Darwin called it “that mystery of mysteries”, or how organisms evolve to become new species. 

New University of Queensland research is using a mathematical model to unlock secrets of recombination – the shuffling of genes during sexual reproduction – on the origin of new species.

Dr Jan Engelstädter of the School of Biological Sciences said recombination had two opposing effects in evolution.

“On the one hand, by mixing genetic material from different populations, recombination can thwart the formation of new species,” he said.

“On the other hand, recombination can make it easier for populations to adapt to new environments, a process that can also drive species formation.”

School of Biological researchers James Reeve, Associate Professor Daniel Ortiz-Barrientos and Dr Engelstädter developed the model to tease these effects apart and to investigate how recombination evolves through time during the early stages of speciation.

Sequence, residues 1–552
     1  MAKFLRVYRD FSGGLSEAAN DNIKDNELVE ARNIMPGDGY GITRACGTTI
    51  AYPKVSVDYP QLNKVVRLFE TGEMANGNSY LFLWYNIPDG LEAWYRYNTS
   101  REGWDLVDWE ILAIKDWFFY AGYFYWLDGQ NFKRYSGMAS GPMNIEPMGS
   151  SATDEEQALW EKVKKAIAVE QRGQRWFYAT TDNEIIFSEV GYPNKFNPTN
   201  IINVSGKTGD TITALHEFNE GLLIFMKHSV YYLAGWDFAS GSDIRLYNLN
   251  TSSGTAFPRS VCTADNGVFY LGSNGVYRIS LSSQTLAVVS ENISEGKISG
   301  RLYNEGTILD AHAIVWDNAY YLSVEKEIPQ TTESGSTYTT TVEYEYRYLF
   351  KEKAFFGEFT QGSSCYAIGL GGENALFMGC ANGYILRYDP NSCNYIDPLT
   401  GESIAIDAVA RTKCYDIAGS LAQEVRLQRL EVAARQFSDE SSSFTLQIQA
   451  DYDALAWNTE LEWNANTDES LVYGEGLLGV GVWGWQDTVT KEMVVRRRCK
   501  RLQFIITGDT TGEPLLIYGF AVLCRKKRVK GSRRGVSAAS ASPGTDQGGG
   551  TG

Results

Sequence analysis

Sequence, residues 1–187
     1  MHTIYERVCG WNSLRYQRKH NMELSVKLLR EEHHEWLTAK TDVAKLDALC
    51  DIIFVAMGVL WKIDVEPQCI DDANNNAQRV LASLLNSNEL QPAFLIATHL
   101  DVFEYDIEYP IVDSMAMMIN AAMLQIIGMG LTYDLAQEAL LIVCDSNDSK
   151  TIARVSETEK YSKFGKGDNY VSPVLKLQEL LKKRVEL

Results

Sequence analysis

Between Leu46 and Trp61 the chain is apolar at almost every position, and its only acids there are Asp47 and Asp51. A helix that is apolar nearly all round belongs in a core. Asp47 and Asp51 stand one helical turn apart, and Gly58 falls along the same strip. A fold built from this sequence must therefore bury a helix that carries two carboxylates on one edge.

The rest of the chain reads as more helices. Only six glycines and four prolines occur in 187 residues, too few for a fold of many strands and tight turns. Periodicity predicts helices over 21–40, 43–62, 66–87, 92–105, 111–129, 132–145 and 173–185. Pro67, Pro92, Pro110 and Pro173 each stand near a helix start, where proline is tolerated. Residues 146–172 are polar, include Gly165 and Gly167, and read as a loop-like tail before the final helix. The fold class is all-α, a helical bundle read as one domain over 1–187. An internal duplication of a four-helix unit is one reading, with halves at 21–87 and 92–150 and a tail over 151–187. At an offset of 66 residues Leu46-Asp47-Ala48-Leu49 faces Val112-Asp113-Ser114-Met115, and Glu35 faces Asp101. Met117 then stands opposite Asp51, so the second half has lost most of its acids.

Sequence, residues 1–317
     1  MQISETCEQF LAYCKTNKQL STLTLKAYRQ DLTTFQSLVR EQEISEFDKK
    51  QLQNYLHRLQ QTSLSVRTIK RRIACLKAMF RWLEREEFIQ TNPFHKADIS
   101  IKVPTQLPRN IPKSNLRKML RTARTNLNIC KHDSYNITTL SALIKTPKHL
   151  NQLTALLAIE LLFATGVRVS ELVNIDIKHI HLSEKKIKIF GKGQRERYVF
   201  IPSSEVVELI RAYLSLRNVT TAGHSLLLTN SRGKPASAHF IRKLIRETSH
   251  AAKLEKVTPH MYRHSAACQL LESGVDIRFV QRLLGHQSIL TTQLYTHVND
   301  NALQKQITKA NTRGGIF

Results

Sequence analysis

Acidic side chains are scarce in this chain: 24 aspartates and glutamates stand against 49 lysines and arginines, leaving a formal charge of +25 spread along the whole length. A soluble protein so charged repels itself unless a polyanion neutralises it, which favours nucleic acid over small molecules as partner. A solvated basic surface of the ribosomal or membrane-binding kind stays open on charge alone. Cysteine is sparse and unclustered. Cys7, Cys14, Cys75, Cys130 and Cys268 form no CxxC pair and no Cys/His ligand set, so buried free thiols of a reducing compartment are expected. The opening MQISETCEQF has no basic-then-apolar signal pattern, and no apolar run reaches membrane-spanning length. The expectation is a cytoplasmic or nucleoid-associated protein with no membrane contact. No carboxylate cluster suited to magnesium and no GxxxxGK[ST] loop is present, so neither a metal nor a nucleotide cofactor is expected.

“Our results indicate that when different populations adapt to contrasting environments, initially higher rates of gene shuffling evolve,” Dr Engelstädter said.

“Later on, gene shuffling is suppressed so that the populations remain distinct and well adapted to their environments.

“Our study makes predictions that can be tested in natural populations that are in the process of species formation.”

Study co-author Associate Professor Ortiz-Barrientos said the model emphasised that theories for the origin of recombination (sex) had enormous potential to improve understanding of the origin of new species.

The research, which was supported by an Australian Research Council Discovery grant, is published in the Proceedings of the Royal Society B.

Media: Jan Engelstaedter j.engelstaedter@uq.edu.au, +61 7 3365 7959.

Captions:  Senecio pinnatifolius.  Photos: Daniel Ortiz-Barrientos.

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